The most rewarding portion of the program, for both campers and counselors alike, was the classroom discussions and activities. Every morning we would introduce a fundamental basketball concept that was applicable to our classroom sessions. For example, if the basketball concept of the day was “teamwork,” we would structure the day’s drills around passing, sharing the ball and winning as a team. During our classroom session we would then reinforce this idea by having the campers work in groups, co-present their work and make decisions collectively. Each theme of the day served as the vehicle through which we facilitated discussion about the more abstract, underlying concepts of diversity. On “teamwork” day, for instance, campers participated in a “partner rap” activity. Campers were paired and asked to compose and recite a rap song that 1) complimented their partner’s skill as a basketball player and 2) shared a special quality about their partner that was not obvious to the rest of the class. This exercise segued into a discussion about assumptions (our diversity topic of the day) and the implications of “judging a book by its cover.”
Creating and directing DiverseCity was an exhausting yet rewarding experience. The biggest problem we encountered was securing the funds to run the camp. We knew our idea was special, but we had literally no money to run the activities. We sought help from former Haverford basketball players, and with their generous contributions we were able to collect enough money to host the first year. A second problem was finding campers to attend. We proposed the idea rather late in the spring semester, and after attempting to spread publicity, we realized that many students already had their summer schedules booked. To overcome this obstacle, we contacted middle school principals and coaches, visited churches and passed out brochures at local basketball courts and summer league games. On the first day of camp, thirteen campers registered; this number was relatively small compared to other summer camps, but it was the perfect size for our pilot year. Having a small group allowed us to test the program, evaluating what worked and what needed to be discarded.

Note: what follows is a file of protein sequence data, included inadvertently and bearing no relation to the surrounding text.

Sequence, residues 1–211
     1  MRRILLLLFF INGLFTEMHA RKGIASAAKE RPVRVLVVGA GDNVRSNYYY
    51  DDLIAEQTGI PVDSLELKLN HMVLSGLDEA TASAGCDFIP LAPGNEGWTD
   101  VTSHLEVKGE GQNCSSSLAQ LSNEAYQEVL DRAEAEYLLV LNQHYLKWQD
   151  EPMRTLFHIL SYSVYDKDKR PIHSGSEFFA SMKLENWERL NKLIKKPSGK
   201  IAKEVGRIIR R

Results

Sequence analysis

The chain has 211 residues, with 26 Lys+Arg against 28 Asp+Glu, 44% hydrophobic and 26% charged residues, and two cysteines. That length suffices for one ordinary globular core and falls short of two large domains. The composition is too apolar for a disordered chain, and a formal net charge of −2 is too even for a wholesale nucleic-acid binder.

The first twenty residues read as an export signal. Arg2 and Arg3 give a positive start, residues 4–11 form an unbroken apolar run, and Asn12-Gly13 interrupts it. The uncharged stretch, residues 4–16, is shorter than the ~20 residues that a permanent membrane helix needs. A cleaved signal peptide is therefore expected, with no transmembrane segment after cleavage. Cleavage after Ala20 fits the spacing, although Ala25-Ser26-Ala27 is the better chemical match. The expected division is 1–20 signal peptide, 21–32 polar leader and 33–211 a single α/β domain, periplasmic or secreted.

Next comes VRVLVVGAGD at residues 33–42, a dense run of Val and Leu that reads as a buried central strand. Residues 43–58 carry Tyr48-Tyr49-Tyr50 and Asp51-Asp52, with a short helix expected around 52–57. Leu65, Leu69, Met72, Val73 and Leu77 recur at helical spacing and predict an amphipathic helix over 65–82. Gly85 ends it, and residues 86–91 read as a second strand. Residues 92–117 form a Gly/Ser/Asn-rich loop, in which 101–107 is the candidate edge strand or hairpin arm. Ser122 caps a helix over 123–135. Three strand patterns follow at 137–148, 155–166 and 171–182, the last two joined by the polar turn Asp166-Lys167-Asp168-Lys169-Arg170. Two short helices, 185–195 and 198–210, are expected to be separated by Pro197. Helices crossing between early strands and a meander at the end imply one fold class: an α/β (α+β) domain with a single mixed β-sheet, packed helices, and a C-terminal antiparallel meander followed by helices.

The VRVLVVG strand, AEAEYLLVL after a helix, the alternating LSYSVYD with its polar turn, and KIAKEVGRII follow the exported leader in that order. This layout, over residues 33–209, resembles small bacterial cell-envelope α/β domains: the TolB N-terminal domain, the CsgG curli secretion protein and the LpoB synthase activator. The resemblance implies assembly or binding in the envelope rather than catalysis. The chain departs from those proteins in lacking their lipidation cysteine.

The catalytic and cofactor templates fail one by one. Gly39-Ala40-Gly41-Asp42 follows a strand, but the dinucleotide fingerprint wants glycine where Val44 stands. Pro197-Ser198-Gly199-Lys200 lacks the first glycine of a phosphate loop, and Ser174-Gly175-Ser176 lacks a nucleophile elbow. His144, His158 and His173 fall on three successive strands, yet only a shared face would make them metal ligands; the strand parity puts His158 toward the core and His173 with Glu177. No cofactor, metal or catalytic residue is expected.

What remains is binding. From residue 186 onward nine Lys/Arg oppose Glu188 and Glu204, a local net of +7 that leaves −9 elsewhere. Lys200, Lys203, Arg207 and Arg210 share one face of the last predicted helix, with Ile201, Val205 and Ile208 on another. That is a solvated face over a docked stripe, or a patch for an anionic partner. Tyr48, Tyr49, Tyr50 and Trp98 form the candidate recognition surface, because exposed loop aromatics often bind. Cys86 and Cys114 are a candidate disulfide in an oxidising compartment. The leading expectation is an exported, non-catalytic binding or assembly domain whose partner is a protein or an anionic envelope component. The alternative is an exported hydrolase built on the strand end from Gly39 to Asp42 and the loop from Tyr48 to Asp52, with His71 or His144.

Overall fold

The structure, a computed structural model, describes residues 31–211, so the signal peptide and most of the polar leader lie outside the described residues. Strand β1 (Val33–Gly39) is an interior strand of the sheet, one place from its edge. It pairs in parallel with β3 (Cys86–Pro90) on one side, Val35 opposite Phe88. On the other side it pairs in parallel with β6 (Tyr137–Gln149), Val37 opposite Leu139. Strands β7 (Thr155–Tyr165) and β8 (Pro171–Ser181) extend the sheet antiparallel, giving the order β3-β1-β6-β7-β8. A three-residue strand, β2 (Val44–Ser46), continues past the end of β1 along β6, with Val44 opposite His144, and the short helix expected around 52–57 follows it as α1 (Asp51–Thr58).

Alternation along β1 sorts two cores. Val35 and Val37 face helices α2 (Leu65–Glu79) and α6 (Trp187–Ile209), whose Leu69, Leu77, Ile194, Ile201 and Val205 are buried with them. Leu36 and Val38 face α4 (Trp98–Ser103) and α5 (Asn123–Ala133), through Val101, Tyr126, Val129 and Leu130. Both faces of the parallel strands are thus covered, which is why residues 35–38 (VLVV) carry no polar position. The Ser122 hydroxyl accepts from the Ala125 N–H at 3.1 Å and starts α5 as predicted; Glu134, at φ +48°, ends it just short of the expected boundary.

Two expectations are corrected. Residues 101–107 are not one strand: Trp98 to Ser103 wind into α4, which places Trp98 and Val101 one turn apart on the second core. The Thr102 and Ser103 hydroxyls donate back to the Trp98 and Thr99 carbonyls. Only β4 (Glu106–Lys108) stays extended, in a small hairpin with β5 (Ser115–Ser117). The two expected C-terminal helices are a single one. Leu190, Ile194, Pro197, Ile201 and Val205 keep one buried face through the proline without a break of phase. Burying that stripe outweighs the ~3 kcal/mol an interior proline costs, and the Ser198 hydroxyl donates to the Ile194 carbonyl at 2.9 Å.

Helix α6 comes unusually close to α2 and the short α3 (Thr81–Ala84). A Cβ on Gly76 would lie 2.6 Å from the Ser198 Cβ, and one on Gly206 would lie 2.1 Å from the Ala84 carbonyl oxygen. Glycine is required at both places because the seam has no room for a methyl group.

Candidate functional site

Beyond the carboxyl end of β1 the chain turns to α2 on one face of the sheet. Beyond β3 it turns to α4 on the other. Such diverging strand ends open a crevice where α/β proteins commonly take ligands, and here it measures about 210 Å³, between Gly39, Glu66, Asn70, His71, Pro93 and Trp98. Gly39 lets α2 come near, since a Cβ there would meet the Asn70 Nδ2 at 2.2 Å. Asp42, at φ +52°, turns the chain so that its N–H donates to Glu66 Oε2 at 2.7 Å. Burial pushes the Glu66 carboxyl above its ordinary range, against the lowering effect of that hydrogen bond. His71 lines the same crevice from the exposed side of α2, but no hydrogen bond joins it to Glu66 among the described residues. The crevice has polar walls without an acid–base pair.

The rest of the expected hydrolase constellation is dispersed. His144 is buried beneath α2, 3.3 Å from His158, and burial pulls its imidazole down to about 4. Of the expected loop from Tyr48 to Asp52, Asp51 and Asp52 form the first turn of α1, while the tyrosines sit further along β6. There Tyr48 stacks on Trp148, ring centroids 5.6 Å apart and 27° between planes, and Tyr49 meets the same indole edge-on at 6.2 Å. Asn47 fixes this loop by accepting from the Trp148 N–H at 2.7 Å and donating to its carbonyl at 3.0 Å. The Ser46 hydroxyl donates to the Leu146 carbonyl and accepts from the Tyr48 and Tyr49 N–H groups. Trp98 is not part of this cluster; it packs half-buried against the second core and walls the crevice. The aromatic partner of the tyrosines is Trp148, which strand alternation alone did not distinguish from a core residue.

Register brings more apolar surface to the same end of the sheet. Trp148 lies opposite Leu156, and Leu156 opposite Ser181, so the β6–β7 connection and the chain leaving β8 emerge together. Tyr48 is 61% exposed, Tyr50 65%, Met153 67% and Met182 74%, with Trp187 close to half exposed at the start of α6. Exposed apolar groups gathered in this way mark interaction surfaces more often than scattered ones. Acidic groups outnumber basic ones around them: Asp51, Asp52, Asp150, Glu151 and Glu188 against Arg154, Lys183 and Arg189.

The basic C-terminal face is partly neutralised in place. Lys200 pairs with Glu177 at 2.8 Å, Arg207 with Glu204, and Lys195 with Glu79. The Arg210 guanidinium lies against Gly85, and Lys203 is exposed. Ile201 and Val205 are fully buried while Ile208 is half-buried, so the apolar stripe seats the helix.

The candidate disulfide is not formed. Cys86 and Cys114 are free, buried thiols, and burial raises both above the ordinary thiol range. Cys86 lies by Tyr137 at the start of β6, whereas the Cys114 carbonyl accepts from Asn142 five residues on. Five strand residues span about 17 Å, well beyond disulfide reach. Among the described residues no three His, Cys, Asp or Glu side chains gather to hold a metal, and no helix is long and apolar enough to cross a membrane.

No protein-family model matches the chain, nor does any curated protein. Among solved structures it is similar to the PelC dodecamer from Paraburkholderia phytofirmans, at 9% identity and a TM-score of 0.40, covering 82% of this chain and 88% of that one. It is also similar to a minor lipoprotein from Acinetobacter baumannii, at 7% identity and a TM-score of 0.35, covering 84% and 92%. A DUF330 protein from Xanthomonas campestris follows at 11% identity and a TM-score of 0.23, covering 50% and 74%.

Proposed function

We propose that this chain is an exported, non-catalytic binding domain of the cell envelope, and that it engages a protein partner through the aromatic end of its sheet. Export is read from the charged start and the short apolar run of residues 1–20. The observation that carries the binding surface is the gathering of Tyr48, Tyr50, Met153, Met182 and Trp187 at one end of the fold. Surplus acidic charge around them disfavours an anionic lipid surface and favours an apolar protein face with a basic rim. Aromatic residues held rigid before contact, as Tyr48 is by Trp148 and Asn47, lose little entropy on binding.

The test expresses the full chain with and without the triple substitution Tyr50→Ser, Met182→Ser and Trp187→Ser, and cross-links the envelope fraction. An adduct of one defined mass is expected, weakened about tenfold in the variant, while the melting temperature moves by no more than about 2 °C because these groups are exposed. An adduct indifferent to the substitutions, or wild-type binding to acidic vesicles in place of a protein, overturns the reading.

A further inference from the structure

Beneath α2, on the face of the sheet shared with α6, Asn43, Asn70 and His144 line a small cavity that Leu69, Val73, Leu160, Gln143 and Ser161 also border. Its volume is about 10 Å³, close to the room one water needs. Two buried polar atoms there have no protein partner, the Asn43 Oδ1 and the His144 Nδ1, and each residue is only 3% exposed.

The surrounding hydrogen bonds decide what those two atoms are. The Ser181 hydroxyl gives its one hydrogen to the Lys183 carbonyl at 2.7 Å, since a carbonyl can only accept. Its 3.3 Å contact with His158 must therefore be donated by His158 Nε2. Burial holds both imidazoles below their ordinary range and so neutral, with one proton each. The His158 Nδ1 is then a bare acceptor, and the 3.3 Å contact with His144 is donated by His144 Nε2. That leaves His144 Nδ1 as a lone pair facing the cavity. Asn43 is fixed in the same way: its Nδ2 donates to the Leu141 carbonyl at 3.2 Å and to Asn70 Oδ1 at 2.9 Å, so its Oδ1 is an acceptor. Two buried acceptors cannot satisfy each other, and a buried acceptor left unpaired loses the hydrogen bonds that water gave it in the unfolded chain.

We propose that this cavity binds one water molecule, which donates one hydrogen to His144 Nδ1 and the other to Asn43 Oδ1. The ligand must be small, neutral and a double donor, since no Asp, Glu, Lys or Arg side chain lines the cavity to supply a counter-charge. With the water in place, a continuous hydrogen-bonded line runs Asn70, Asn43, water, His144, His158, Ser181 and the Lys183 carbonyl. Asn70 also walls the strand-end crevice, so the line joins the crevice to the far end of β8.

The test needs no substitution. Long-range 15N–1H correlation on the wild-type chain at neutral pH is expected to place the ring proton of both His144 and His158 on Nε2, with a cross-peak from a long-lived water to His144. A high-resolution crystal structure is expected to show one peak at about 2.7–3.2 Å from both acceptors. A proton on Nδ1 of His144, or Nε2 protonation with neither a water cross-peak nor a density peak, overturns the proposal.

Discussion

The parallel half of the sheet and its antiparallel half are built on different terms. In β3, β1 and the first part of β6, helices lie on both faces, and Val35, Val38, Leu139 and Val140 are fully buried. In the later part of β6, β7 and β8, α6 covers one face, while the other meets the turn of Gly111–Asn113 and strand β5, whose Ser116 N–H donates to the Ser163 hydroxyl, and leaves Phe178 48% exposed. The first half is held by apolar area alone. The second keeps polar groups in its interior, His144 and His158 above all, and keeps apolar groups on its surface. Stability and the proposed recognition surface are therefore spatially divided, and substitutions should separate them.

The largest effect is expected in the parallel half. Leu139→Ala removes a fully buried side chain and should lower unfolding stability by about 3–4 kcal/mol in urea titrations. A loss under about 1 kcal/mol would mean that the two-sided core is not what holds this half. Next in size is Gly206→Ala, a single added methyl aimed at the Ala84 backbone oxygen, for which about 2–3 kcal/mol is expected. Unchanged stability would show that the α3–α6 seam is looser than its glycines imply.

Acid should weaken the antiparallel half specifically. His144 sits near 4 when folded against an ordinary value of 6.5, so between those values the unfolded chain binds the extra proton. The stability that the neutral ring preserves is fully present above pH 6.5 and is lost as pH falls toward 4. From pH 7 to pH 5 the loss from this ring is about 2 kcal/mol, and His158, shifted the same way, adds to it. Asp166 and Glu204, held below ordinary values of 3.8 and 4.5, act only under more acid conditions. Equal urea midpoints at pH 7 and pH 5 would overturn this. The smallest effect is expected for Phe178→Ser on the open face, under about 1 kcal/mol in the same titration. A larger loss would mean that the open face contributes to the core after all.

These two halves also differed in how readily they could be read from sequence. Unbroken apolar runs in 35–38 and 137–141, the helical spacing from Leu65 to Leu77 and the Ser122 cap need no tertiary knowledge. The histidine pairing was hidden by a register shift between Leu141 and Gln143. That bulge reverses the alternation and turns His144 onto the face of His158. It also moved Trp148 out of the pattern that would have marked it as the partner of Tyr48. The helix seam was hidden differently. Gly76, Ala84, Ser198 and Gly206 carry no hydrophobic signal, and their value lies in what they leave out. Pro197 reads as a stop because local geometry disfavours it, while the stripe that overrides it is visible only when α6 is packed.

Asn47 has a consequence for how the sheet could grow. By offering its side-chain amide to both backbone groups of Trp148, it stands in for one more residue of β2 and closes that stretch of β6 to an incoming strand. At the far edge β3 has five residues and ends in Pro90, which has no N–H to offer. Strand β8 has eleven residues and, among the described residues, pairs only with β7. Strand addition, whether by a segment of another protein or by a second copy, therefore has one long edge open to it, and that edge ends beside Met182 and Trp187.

The entire project was a true learning experience. In the months leading up to the camp, we learned skills in organization and project management; during the camp, our lesson plans and our ability to facilitate discussion improved immensely. We are truly indebted to the Bi-Co community for the help and support we received in making this project work. We are grateful for the knowledge and expertise that our professors, the Education Department, the Praxis Program and Haverford College passed along to us. Haverford’s longstanding commitment to diversity and social justice was instilled in us early in our undergraduate years, and when we presented our idea to members of the administration, they believed in us and were eager to help. Above all, we must thank the campers who participated in the inaugural week. They helped us bridge together “theory” and “practice” and enabled our vision to become a reality.
In “Critical Issues,” we ended the semester by reading “A Talk to Teachers” by James Baldwin. In this piece he tells the educated that it is their job to change society. In light of this message, the two of us are doing all we can to maintain and to grow DiverseCity in the future. We are seeking increased support from our donors, reaching out to additional alums, applying for grants and planning to increase our enrollment. Next summer, we intend to offer multiple sessions at venues in Philadelphia and Pittsburgh, with the hope that more campers will be able to take part in the experience. Should the goals that are set forth be achieved, we firmly believe that DiverseCity will leave a small mark on the global society.
Mike Fratangelo earned his B.A. in race and cultural studies from Haverford College in 2007. Presently, Mike is pursuing a master’s degree in social service from Bryn Mawr’s Graduate School of Social Work and Social Research.
Greg Rosnick is currently a junior at Haverford College, working toward a B.A. in political science, with minors in economics and education.